Ohio State’s brilliance on full show at over Penn State
Teams that have mastered as many football skills as the Buckeyes (2-0) are rare in the college department.
“We have a lot of guns,” said Ryan Day, 18-1 as head coach.
“I think we really made a statement today about what kind of team we have, that we’re not one-dimensional, we can do all kinds of things,” said Jeremy Ruckert, who got two short touchdown passes as the football flowed like this how it flows best: by the committee.
Even when a brief tension after half welcomed Penn State’s # 18 75-yard drive for a touchdown that meant a past 21-3 deficit had narrowed to 21-13, that tension had a caveat. If you score against Ohio State, the ball goes back to quarterback Justin Fields and his teammates.
Within two and a half minutes, Fields had thrown a handsome 49-yard touchdown pass on the left sideline to Chris Olave. The accuracy glowed as the lead increased again.
In the end, Fields had put a 28v34 result on his 20v21 result against Nebraska last week, a staggering 48:55 last season. Obviously, he had his own present and future in mind as he lobbied so hard and publicly as an Ohio State sophomore quarterback who moved from Georgia and starred last season to play once the Big Ten had canceled this fall season for the first time, but only one might see it as a public service as well. Those in the mood for high-profile quarterbacking can see someone even more refined than they were in their stellar 2019, someone still significantly injured from that final interception in the semifinals of the College Football Playoffs on December 28th against Clemson.
It’s almost too obvious to mention that he hasn’t thrown any interceptions under his 55 passes this time around. He threw three – against 41 touchdown passes last year.
“We put so much work into the off-season,” said Fields. “I scratched my bum.”
Then there’s the annual Ohio state nightmares churn that must be defended or that you will defend. Some nightmares keep coming back, others keep coming back. Now there’s Garrett Wilson, the receiver who spent the inaugural offensive game running into 62 yards of open ground to make a delivery. There’s the eight people who caught footballs, led by Wilsons 11 for 111 yards and Olaves seven for 120, which also included a great deal on the final sliver of the end zone on the left for a 26 yard touchdown catch, who made it 14-. 0. “I think the combination of our receivers chasing deep balls and Justin throwing the ball across the field with accuracy is tremendous,” said Day, who brings some NFL experience to his playing role.
There is Master Teague III who rushed for 110 yards 23 times. There is an offensive line that often pushed Penn State (0-2). It’s no wonder that Day played two quarter-finals while driving in the fourth quarter, bringing the score to 38:19. “I needed a drink after this ride,” he said of the one that ended with Fields’ 1-yard touchdown pass for Ruckert, but added, “He has to be trusted.”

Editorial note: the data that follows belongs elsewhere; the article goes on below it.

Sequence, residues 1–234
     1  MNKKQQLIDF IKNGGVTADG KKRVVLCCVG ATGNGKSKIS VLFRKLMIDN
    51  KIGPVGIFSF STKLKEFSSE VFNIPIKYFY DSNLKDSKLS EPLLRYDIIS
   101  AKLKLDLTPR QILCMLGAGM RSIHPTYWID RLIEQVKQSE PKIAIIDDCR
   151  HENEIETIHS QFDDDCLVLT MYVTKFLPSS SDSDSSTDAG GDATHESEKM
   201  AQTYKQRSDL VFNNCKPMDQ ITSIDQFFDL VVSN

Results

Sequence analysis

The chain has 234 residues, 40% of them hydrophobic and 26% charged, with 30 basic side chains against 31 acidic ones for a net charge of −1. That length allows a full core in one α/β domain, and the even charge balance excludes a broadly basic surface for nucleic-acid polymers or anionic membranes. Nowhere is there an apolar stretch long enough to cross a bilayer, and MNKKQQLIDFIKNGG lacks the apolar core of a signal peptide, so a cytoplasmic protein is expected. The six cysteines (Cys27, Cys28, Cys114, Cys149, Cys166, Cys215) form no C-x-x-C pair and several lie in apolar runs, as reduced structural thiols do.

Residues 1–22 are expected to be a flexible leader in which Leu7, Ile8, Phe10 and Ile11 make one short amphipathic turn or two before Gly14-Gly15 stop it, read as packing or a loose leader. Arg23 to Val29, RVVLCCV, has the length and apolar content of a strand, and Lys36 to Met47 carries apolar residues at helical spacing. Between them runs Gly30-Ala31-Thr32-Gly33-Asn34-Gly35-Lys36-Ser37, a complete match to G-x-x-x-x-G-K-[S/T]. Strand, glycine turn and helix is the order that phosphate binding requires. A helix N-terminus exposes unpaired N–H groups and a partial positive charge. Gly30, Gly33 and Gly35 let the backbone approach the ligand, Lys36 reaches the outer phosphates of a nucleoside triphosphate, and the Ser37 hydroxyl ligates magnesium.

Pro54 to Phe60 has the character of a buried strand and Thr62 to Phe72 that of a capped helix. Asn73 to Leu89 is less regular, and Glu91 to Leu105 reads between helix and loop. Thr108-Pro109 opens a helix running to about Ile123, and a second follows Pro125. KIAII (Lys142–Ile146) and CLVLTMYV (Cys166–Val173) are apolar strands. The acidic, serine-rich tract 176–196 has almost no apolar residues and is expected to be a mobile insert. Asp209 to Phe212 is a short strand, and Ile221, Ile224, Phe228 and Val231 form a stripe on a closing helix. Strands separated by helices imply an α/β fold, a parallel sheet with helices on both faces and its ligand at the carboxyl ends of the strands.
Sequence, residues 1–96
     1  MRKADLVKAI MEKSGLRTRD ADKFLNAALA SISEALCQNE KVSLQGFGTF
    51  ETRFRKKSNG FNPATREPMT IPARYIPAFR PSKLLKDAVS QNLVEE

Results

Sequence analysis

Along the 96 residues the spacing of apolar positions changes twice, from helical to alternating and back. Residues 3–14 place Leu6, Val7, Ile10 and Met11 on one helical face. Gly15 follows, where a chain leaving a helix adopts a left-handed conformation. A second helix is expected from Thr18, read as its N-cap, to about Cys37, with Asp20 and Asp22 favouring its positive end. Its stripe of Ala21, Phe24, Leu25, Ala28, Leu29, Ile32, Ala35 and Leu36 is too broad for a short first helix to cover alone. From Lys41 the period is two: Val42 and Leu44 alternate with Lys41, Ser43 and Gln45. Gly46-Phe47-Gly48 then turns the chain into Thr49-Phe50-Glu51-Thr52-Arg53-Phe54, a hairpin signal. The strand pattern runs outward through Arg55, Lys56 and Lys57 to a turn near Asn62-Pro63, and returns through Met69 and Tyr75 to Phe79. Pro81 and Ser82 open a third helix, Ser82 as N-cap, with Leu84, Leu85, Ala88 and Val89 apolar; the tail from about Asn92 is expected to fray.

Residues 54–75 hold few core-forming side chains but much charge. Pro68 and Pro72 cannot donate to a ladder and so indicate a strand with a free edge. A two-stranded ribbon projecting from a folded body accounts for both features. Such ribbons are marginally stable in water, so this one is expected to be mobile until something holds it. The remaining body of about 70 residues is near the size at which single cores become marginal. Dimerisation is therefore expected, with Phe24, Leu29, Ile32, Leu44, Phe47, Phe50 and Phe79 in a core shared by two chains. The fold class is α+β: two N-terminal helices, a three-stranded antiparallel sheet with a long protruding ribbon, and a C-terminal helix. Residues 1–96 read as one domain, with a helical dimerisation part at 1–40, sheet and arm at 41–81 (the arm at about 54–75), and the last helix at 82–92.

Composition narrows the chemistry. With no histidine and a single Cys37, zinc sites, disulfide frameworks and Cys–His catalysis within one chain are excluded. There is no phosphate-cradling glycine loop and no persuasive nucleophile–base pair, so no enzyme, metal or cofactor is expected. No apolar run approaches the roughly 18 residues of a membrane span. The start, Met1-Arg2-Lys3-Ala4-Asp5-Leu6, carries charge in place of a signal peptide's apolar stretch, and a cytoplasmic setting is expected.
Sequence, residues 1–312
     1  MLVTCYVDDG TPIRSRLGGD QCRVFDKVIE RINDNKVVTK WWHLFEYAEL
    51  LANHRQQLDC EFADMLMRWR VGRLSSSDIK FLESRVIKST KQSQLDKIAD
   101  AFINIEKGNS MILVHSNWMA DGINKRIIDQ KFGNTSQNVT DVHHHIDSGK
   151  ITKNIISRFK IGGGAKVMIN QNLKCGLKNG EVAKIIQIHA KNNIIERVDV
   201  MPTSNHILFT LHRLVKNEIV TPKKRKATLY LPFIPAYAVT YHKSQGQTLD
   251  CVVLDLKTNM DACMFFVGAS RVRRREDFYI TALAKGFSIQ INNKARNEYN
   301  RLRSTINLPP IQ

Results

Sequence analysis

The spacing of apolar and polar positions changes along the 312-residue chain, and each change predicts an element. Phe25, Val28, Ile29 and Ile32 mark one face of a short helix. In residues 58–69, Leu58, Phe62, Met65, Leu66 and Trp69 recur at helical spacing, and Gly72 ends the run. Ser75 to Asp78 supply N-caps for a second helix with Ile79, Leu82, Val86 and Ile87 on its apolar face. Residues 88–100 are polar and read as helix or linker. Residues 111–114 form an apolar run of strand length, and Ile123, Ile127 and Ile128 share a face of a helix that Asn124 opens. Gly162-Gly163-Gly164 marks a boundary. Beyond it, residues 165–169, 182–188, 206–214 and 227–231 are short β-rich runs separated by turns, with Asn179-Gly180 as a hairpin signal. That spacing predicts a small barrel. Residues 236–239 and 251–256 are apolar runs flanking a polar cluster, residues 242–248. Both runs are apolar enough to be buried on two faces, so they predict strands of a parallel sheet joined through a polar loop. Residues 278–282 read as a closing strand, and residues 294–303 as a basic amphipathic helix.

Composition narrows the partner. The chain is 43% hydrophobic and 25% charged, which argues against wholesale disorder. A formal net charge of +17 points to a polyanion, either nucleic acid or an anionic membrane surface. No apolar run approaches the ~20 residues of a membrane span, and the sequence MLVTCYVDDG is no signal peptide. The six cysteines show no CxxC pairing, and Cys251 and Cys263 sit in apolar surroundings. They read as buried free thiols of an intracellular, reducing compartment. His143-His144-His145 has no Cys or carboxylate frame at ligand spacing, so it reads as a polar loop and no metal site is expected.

There are defenders like Jonathon Cooper and Pete Werner who drove Penn State quarterback Sean Clifford to the spoil of an early quarterfinal game, or Zach Harrison who once nearly devoured both Clifford and a back trying to block for him .
None of this was observed by the usual over 100,000 who couldn’t attend a cold pandemic Halloween night with a full moon and only the families of the players were there. They couldn’t pull off the traditional Penn State white-out spectacle.
This fact, of course, also confirmed a saying: Sometimes it is better not to see things.
Sure, they would have seen one of the catches of the year, a one-sided miracle for a 21-yard touchdown on the left sideline from Penn State’s Jahan Dotson, who caught eight passes for 144 yards and three points. They would have seen their team show some courage, even if they hadn’t seen themselves and their program as a unit that needed courage. They would have seen their coach walk fourth and second off Penn State’s 45-yard line with more than 11 minutes in the first quarter, a token of respect (to Fields et al.) If there was ever one.
Maybe they could have spent some time arguing about it.
But most of the time, when their team fell behind 21-3 and 31-13 and 38-19, they would have stayed as quiet as the cardboard clippings Penn State used to raise money to help families cope with childhood cancer, even if they briefly found solace in two games of Bobby “Boris” Pickett’s eternal “Monster Mash”. Otherwise, even Fields’ ailments were often cured by his litters.
During an 89-yard run in the second quarter that went down 21-3, a snap from Penn State’s 1-yard line managed to fly over his handle for a 13-yard loss, and he did it to model exactly what one should do in such situations. He stopped trying to pick it up and just dropped onto the thing. When he nearly tripped in the third quarter, he still looked up and turned to Jake Hausmann for a 13 yard profit. With a rusher charging in next door, at least threatening to change the throw, he still steered a corner throw of 26 yards to Wilson.
“He’s worked really hard this week getting ready in the boardroom,” said Day. “He was there. When you start bringing the meeting room to the field with ease, you become special. ”
He threw all kinds of touchdown passes, four of them, the two to Olave and the two to Ruckert, a third and a fourth. He was a sight to see, this artist Fields, unless you were on the side that preferred not to see him.